The relationships we found are in some cases perplexing and contrary to

current views as to what predicts success in the welfare to work transition. The age of

a woman, the age of her youngest child and her previous work experience seem to

have no strong or significant relationship to the woman’s employment success.

Surprisingly, the relationship that we find is negative. Our findings indicate an

inverse relationship between reading levels and success—that is, we found that

reading levels were actually higher for those women who were least successful in

terms of obtaining and keeping employment (Chart 3). Also, we did not find a

consistent relationship between wages and education (Graph 2).

                                              GRAPH 2

                                        The relationship betwn wages & reading skills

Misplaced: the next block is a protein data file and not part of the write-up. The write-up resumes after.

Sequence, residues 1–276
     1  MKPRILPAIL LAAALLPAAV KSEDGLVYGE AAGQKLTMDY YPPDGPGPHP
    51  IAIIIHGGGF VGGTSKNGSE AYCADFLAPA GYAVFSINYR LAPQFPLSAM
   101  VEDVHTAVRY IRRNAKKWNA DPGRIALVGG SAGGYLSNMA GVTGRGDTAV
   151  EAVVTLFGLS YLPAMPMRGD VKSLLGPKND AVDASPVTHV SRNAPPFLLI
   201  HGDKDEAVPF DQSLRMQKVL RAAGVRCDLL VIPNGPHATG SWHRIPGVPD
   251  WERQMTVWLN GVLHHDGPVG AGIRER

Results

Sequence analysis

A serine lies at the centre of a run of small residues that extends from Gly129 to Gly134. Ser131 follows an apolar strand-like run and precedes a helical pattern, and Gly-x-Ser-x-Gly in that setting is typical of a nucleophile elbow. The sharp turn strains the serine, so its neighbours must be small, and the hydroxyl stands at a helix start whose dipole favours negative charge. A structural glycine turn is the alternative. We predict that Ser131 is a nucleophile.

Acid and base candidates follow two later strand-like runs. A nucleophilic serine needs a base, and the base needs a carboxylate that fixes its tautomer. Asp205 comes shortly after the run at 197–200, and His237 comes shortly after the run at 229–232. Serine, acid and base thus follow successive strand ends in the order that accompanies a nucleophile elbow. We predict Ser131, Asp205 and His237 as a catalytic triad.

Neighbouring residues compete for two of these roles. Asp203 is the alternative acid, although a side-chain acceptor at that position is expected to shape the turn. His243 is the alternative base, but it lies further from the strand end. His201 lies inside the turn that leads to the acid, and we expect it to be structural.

0      2        4   6   8      10      12     14

                                        Reading Level

We did find that the women who passed the drug test were more likely to be

employed. Since most employers now require drug test as part of their hiring process,

it is not surprising that an inability to pass the STRIVE drug test predicts lack of

employment success.

       Relationship Of STRIVE's Training Program And Employment Success

       We did find that success in the STRIVE program was related to success in

employment. There was a significant relationship between the manner ("training

path")in which a woman went through the training program and whether or not she

was currently employed and had been for at least ninety days (see Chart 4b). Women

who went straight through training without interruption were more likely to be

currently employed (and employed for at least 90 days) than those who were either

reconciled back into the program or who dropped training and never came back to the


       We found that when we compared individuals with 9th grade reading scores or